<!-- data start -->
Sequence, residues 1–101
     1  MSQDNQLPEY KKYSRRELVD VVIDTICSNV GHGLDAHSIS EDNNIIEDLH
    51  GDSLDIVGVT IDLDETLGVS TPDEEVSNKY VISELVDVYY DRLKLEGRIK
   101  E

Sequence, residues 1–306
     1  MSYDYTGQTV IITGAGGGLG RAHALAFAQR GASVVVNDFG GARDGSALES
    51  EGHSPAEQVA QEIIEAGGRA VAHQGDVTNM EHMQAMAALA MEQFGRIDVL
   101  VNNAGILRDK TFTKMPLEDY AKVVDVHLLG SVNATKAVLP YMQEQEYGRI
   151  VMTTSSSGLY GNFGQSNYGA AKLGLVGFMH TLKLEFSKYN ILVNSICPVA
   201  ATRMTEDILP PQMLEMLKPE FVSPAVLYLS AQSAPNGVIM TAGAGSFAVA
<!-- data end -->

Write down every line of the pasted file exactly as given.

Sequence, residues 1–101
     1  MSQDNQLPEY KKYSRRELVD VVIDTICSNV GHGLDAHSIS EDNNIIEDLH
    51  GDSLDIVGVT IDLDETLGVS TPDEEVSNKY VISELVDVYY DRLKLEGRIK
   101  E

Sequence, residues 1–306
     1  MSYDYTGQTV IITGAGGGLG RAHALAFAQR GASVVVNDFG GARDGSALES
    51  EGHSPAEQVA QEIIEAGGRA VAHQGDVTNM EHMQAMAALA MEQFGRIDVL
   101  VNNAGILRDK TFTKMPLEDY AKVVDVHLLG SVNATKAVLP YMQEQEYGRI
   151  VMTTSSSGLY GNFGQSNYGA AKLGLVGFMH TLKLEFSKYN ILVNSICPVA
   201  ATRMTEDILP PQMLEMLKPE FVSPAVLYLS AQSAPNGVIM TAGAGSFAVA